Read the Georgia Straight article:

No kilt – but here is Adrian Dix participating in the Fiji Festival last summer, wearing a green grass skirt.  Second from left is Burnaby mayor Derek Corrigan, and in red is Burnaby MLA Kathy Corrigan.  photo by Patrick Tam, Flunging Pictures.

Gung Haggis dragon boat team practice on Sunday & Wednesday

Gung Haggis Fat Choy dragon boat team practice this Sunday
April 18, 11am

followed by Wednesday April 21, 6pm
Creekside Community Centre (Dragon Zone)

Gung Haggis dragon boat team at Rio Tinto Alcan Dragon Boat Festival in June – photo T.Wong collection

Some people are participating in the Sun Run and won't be joining us.  
So it is the perfect time to bring new friends, and I will do some one-to-one coaching with new and experienced paddlers.

May 7th is our first race…
We need to have a roster signed up quickly.

June 11-12 is the Rio Tinto Alcan Dragon Boat Festival.
We need to set the roster for this race too.

$110 for joining the club  – this includes boat rental, equipment and coaching 2X week
Each race event is separate… usually $15 to $30 depending on number of races and size of event.
Student discount available.

Cheers, Todd Wong
email gunghaggis at yahoo dot ca

Forbidden Phoenix is a theatrical treat –

Fantastical story of Canadian History and Chinese Mythology:
Forbidden Phoenix at Gateway Theatre

The Forbidden Phoenix

Book and Lyrics by
Marty Chan

Lyrics, Music and Orchestration by
Robert Walsh

APRIL 7 – 23, 2011

Forbidden Phoenix is a fantastical work of theatre, music and action choreography.  It tells the story of a father and son, but as mythological The Monkey King from Chinese culture interwined with the migration of Chinese labourers coming to Canada to work on the Canadian Pacific Railroad.

WOW…. I am amazed…. It is incredible!

There is much to commend for this play.  Actors must sing, and fight martial arts.  The music is a complex blend of East and West.  The minimalist set adapts easily with imagination and movement.  The script is multi-layed with metaphor and humour.

Dufays is an incredible physical actor. I was blown away by all the
little “monkey things” he does, like move his head, or scratch, or lope
across the stage.  He brings an intellectual Monkey King that both cares for his people, and also the emigrants who go to Gum San (Gold Mountain) to work on the railroad.  His character carries the story as many plots are revealed.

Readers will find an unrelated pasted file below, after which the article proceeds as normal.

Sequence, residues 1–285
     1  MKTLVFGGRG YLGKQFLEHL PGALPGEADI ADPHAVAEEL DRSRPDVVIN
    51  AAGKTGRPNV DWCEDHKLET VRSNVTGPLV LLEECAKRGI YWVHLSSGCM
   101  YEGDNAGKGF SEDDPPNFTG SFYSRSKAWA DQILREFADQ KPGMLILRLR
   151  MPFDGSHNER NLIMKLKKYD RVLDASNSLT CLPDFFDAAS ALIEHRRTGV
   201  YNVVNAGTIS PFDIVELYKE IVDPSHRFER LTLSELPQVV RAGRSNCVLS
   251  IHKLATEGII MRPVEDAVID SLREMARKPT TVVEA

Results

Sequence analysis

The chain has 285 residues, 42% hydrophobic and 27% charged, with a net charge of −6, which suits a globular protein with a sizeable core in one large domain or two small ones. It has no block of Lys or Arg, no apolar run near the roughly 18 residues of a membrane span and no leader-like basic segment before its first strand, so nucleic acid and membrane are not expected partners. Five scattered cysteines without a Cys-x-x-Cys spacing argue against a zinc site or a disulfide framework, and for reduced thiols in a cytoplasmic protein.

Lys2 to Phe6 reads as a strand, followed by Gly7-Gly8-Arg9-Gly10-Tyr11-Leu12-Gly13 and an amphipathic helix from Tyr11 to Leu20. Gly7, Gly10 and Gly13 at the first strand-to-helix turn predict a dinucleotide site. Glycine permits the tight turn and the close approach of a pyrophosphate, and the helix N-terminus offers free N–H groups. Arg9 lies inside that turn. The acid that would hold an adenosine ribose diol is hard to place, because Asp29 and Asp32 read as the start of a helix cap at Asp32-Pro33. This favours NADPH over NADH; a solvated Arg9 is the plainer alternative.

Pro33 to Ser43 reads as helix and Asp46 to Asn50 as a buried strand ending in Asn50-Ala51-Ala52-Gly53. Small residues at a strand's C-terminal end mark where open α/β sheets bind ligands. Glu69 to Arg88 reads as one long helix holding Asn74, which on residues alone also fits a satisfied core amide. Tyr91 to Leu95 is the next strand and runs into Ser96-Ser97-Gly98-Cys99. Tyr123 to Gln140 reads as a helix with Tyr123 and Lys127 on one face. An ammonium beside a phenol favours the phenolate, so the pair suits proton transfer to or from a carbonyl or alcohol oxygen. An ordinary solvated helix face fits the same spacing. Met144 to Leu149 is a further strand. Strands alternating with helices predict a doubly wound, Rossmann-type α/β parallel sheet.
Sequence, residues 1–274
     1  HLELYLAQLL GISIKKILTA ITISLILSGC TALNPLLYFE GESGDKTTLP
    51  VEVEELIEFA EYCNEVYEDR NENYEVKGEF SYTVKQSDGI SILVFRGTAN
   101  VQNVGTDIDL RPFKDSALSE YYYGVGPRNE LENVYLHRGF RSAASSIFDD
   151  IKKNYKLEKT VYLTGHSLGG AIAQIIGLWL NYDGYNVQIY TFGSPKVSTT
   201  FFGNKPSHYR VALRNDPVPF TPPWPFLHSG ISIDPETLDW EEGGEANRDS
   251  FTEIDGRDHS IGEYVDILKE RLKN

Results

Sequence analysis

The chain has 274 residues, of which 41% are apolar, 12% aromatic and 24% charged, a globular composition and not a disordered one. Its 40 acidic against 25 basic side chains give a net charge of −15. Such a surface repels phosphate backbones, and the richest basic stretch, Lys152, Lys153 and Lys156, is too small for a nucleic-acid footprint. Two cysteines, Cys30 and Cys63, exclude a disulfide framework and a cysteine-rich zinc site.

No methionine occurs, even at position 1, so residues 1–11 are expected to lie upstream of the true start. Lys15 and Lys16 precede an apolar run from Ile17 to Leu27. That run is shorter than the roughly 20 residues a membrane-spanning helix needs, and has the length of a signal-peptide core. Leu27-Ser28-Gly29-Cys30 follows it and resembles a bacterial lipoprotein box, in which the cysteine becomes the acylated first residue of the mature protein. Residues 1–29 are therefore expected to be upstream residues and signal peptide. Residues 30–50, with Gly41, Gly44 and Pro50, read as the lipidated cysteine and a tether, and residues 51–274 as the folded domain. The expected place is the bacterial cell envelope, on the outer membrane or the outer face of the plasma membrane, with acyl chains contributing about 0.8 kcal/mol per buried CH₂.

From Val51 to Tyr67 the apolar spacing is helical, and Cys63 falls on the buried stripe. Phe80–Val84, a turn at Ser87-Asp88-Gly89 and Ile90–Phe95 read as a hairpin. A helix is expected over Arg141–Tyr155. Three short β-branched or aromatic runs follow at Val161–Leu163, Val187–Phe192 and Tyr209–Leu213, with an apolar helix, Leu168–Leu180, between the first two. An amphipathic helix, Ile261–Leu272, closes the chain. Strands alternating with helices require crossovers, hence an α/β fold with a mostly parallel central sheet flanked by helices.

Grace Fatkin IS the Empress Dowager.  She has a commanding presence.  She is the protaganist in China, also known as Jung-Guo.  Her soprano is full and rich.

Kazumi Evans embodies the feminine in Phoenix.
She is graceful, emotional, vulnerable and strong.  Her balletic movements compliment the colourful costume which opens to reveal feathered wings.  She gives a good counterpoint to Dufays' Monkey King.

Damon Calderwood is
over the top perfection…. He is the easiest to hear and understand with
effective dynamic range (can you tell I am a musician?)  And he never goes into Snidely Whiplash
stereotypes…. the character development is excellent. You never
suspect that Van Horne is “the devil” – Shades of Goethe and Faust!!! I
was wondering what those red things on Van Horne's back were
initially… but giving a stick of dynamite to Monkey King to play with.

I enjoyed this compared to to other East-West musical productions because:
1) 99% in English
2) Music had a broader range of
3) great character and story developments.
4) didn't
always understand what was going on – but it was still spell-binding and
kept the attention…. just short of breath taking.
5) martial arts
choreography – very exciting. Reminded me of Dr. Dennis Law's “action
musicals” at the Centre in Vancouver for Performing Arts…. he also did
a monkey king production – but the music was really Chinese, and less
emphasis on story telling and story development – more on spectacle.

The scene of Van Horne dancing with the Iron
Dragon reminded me instantly of the Vancouver Opera production of Nixon
in China with Kissinger dancing and singing at the state dinner.

I was also amazed to discover the people I
already knew on stage and in the orchestra pit. Aaron and Alvin have
been in Red Letters + Aaron was in Flower Drum Song. Cam Wilson, Qiu
Xia He, Jonsey on Shung (not bagpipes), Jonathan Berard on Percussion,
Peggy Lee on cello. All leaders in their field and also do a lot of
cultural fusion! Wow!!!